Fly Edge Apps: Reporting Exceptions

When an exception happens in production, you want to know right away and you want to know what exactly happened. Sure, you can look at your logs, but there are a ton of exception reporting services out there. This post explains how to use Sentry with your Fly Edge App.

Wiring it up

In one of our example apps, DocumentUp, we use raven-js to report exceptions on Sentry.

You'll need to install Raven.js first:

npm install --save-dev raven-js

Then, import it and set it up using your app.config

import Raven from 'raven-js'

Raven.config(app.config.sentry_url, {
  environment: app.env,
  release: app.version
}).install()

In DocumentUp, we use the following configuration (.fly.yml) for this:

app: your-app-name
config:
  sentry_url: https://<token>@sentry.io/<project id>
  # ... more config

Reporting and tagging exceptions

There's no "error" event you can listen to (yet) to report exceptions. You have to wrap your code in a try/catch statement or use Raven.wrap(fn) / Raven.context(fn), more in their documentation.

Sentry wants to tag your exceptions properly. Since this is not a browser environment, or a node.js environment, it doesn't know how to automatically tag entries.

You need to manually specify the tags that interest you. For instance, this is setting a "transaction" tag on all subsequent exceptions. That's why we set it at the beginning of our FetchEvent handler.

addEventListener('fetch', function (event) {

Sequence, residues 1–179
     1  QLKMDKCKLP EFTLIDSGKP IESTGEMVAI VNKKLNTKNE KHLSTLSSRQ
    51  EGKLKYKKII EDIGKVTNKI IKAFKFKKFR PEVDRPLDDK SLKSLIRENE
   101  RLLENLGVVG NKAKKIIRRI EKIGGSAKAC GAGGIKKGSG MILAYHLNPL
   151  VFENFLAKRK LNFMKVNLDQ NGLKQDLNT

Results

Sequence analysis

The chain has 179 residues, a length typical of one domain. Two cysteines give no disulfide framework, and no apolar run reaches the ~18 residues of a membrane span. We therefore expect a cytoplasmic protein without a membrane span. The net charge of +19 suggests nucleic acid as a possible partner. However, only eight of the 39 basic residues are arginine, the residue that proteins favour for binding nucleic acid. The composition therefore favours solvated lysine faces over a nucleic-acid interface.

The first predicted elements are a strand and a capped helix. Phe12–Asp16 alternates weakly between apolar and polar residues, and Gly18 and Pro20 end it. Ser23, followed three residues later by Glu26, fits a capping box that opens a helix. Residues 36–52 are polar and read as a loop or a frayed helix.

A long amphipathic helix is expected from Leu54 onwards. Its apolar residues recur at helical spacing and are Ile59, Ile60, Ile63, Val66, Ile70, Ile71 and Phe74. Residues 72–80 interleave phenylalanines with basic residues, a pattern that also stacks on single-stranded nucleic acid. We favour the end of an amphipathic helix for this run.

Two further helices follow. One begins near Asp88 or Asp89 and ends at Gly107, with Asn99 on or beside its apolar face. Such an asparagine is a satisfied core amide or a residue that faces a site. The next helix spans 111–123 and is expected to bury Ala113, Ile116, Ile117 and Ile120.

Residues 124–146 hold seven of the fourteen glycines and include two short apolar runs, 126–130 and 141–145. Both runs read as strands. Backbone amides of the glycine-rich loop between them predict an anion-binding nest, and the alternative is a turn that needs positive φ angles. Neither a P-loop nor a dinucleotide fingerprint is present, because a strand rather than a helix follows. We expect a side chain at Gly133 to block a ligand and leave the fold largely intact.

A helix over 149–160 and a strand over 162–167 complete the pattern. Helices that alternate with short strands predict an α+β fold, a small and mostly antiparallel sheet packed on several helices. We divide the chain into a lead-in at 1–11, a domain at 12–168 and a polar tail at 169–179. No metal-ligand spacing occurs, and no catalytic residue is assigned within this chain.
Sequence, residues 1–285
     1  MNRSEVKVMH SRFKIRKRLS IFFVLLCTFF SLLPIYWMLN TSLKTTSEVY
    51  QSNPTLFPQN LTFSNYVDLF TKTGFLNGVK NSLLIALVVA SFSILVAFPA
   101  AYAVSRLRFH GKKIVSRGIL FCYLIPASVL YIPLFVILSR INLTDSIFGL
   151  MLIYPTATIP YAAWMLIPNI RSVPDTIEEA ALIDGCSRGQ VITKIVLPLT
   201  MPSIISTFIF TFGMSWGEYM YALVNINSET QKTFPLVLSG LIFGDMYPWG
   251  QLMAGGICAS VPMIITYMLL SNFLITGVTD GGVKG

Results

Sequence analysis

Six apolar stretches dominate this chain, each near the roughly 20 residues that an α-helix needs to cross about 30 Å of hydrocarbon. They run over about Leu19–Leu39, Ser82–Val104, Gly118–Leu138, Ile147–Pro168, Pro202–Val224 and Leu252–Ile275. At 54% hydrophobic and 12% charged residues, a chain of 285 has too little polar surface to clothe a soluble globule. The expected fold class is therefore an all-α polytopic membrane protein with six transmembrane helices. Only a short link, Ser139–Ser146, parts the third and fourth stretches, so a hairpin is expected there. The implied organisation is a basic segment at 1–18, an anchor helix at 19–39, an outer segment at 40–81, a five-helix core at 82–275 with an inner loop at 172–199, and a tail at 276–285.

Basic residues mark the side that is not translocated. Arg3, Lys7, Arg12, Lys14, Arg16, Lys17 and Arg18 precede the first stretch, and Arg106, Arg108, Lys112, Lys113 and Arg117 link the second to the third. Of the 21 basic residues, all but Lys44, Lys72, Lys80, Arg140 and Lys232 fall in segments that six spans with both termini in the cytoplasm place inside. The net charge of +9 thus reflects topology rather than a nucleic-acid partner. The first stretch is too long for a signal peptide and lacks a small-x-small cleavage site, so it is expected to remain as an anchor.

// set tags for the current "context"
  Raven.setTagsContext({ transaction: `${event.request.method} ${event.request.url}` })
  
  event.respondWith(async function () {
    try {
      // do your thing
    } catch (e) {
      Raven.captureException(e)
      console.error("error responding to request!", e.stack)
      return new Response("Something went wrong, we've been notified.", { status: 500 })
    }
  })
})

The second part in the example above shows how to use a try/catch to report exceptions to Sentry and then respond with something appropriate to the client.

More information on configuration, tagging and reporting exceptions here: Sentry JavaScript Client Documentation

The full source for DocumentUp is available here: https://github.com/superfly/documentup.js

How does it look?

When an exception is reported to Sentry, this is what you'll see in their dashboard:

sentry-dashboard@2x

You'll notice the stacktrace lines start with webpack://. This is because we've bundled webpack in the fly package. When you run your app locally with fly server or deploy to our edge servers with fly deploy, we're building it with webpack automatically for you.

There's a lot more you can configure to make it look better on Sentry. Refer to the docs!

Fly started when we wondered "what would a programmable edge look like"? Developer workflows work great for infrastructure like CDNs and optimization services. You should really see for yourself, though.

Jerome Gravel-Niquet

@jeromegn

Jerome Gravel-Niquet

Founder

Montréal